Green Lantern 8 Review

We know that there a very big story on the horizon for the Green Lantern books but right now both Hal and Sinestro have a bit of a problem that goes by the name of the Indigo Tribe to deal with.  When last we read in issue seven both men were being held prisoner and Sinestro looked like he was about the get indoctrinated into the Tribe.  This issue takes us to the midway point in the “Secret of the Indigo Tribe” story arc and as one would expect, things are about to get a lot worse before they get any better.

The Story –
Sinestro is about to undergo “conversion” when he breaks free by biting through his chains and takes his frustration out on a four armed member of the Tribe for the way the being treated him.  In his weakened state it doesn’t take much for Indigo-1 to get the situation back under control and Sinestro is once again subdued.
Sinestro is one seriously bad dude!
Meanwhile Hal is talking to the Black Hand about what happened to him after the Blackest Night and he learns that the white light managed to bring William Hand back to life only for him to be taken away by the Indigo Tribe for “healing”.  As Black Hand shows Hal how he can cycle through the emotional spectrum Hal tricks him into channeling Willpower so he can recharge his ring and once recharged he makes short work of setting himself free from his jail cell.
Hal gets the upper Hand
Born to be wild!
The good news is that Hal has some emerald energy to work with, but the bad news is that it isn’t stable and it isn’t pure so he has to be careful not to rely on it too much.  But Hal and careful don’t exactly go together and he finds himself blasted into another cell with an impaled arm surrounded by beings who want Jordan dead.  Hal fights his way out nearly kills himself when he tries to fly away from the approaching members of the Indigo Tribe.  Jumping on a construct motorcycle Hal takes off before he can get apprehended.
Discovering that the complex he’s in is over one hundred million square miles and covers half the planet Hal uses his ring to plot a course to Sinestro which takes him through a room containing a giant statue of Abin Sur, causing Hal to stop and pause for a moment and question the connection.  Touching the base of the enormous statue triggers visions in Hal’s head with information that implies that Abin Sur created the Indigo Tribe beginning with Indigo-1.  The issue comes to an end before Hal can become any more enlightened when he is blasted from behind by the newest member of the Indigo Tribe, Sinestro.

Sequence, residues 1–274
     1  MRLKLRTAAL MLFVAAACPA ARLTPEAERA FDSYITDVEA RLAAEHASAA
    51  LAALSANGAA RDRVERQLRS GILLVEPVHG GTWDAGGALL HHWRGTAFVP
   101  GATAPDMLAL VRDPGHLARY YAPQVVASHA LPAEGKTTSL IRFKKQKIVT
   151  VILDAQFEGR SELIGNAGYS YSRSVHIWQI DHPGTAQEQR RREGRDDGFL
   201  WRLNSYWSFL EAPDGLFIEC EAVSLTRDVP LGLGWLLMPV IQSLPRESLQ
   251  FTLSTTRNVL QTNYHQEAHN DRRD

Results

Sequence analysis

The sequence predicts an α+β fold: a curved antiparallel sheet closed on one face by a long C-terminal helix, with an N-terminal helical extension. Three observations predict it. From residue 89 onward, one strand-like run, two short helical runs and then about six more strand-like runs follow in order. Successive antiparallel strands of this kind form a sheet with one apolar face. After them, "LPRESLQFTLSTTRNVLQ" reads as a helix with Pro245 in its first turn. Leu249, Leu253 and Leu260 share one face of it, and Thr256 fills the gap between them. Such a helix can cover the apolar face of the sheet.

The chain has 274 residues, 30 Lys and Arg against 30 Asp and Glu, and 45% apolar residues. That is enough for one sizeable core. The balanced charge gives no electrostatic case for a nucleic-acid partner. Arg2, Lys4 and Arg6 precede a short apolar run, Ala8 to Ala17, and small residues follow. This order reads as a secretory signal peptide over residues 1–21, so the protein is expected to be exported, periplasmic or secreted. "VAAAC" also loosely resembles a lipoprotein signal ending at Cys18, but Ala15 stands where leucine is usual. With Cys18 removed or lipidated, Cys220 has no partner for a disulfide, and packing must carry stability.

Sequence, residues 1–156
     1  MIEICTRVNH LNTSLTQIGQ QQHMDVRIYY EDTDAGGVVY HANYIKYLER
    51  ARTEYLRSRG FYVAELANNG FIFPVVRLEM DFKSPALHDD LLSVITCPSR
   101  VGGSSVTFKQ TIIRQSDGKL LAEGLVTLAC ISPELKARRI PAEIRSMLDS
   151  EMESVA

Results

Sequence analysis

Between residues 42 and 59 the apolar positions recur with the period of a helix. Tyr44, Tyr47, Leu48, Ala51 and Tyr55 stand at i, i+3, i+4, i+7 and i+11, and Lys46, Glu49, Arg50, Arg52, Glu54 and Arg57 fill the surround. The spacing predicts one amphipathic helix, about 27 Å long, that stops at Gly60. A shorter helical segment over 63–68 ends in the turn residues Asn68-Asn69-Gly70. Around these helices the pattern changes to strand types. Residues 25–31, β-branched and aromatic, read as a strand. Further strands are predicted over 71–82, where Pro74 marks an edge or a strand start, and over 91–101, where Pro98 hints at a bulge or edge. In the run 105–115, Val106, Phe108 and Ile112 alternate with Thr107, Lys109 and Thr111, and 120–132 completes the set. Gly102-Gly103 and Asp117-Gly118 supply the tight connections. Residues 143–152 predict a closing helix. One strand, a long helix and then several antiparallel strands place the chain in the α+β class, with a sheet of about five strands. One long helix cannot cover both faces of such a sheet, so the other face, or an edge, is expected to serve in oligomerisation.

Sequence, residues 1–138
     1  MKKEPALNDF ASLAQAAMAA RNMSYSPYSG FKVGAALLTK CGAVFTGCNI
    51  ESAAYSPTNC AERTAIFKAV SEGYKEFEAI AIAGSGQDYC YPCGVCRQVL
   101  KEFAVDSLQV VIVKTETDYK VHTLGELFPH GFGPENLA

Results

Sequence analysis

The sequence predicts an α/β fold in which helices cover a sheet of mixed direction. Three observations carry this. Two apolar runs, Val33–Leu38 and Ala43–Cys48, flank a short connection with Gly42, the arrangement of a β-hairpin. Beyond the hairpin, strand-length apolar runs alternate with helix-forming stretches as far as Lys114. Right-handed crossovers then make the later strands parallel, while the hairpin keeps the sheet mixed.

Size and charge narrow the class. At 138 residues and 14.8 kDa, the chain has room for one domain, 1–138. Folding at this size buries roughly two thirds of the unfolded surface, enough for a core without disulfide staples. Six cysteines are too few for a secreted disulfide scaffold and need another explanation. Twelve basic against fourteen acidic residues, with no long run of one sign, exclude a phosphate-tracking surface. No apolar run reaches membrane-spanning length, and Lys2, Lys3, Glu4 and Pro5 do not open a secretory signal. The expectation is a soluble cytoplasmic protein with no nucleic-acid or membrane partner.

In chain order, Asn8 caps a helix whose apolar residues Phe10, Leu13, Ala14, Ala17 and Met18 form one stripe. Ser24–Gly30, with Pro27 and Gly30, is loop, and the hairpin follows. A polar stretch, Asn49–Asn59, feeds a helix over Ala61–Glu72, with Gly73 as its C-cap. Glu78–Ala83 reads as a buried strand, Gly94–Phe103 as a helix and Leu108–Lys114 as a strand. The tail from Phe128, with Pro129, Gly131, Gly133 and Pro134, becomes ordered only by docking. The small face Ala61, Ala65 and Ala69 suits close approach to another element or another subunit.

The Writing –
Geoff Johns does a great job of showing the core of both Hal and Sinestro this issue and the opening sequence where Sinestro breaks free is pure gold as he uses his rage to power him through the situation and really put a hurting on his attacker.  Likewise we see Hal Jordan take charge again and get his game face back on again.  Throughout the first eight issues we’ve seen a lot of character defining moments for both of the lead characters and some have questioned whether Hal is in character or not.  I think that Johns is showing the effect of not having a life without the ring has on Hal and it’s his internal conflict of trying to have his cake and eat it too that allows us to see more sides to him than we’ve perhaps ever seen before.  
The crap hits the indigo fan
Despite my inability to see how willpower is really an emotion it’s hard now to understand how a writer didn’t come up with some of this stuff before and how much it adds to Green Lantern lore.  Quite honestly most of the rogues gallery from the Silver Age was pretty lackluster and what has been developed in the past eight years has given the creative teams a new set of tools to explore this vast mythology and redefine it for a new generation of readers.   Johns continues to add more threads to the tapestry he’s made and I think it’s made the Green Lantern universe a much better place for it.
We see a little more connective tissue between Abin Sur and Indigo-1 and it’s really last weeks Red Lanterns #8 that provides a key piece of information about their shared past.  In that issue we see that there was a ship on Ysmault that is connected to Iroque, the name Indigo-1 had before she was changed.  In 2009’s Green Lantern #47 I commented that I felt that the connection between the two might have something to do with the Alan Moore 1986 short story “Tygers” which also included the first mention of the Blackest Night prophecy and I still think that is what we’ll find out in the next issue.  As much as people sometimes criticize Johns for changing past events I still maintain my position that he is honoring the past by choosing to flesh out history versus ignoring it altogether.
The Art –
Doug Mahnke  does a wonderful job this issue with capturing the raw emotion on Sinestro’s face in the opening moments of the issue and his pencil work throughout supports and elevates the script.  There was one faux pas during the Hal/Black Hand scene of a misdirected word balloon and there’s something wrong with Hal’s face when he pulls Black Hand closer to recharge his ring, but otherwise issue eight was visually solid.
What Do I Think?
This issue is a great example of balancing character and action moments while advancing the overall plot, albeit that Green Lantern #8 doesn’t advance the plot so much as add layers to what came before it.  Even so there’s plenty to like this time around with some great fist pumping moments to get behind as well as revealing just enough information to hold us at bay regarding the secret of the Indigo Tribe to hold us over until the promised revelations that are coming up in the next issue.  Four out of five lanterns.

About the author

Life long Green Lantern fan and co-host of the Podcast of Oa. I'm a Barbecue snob and aficionado of blues music. Hal Jordan is my co-pilot!

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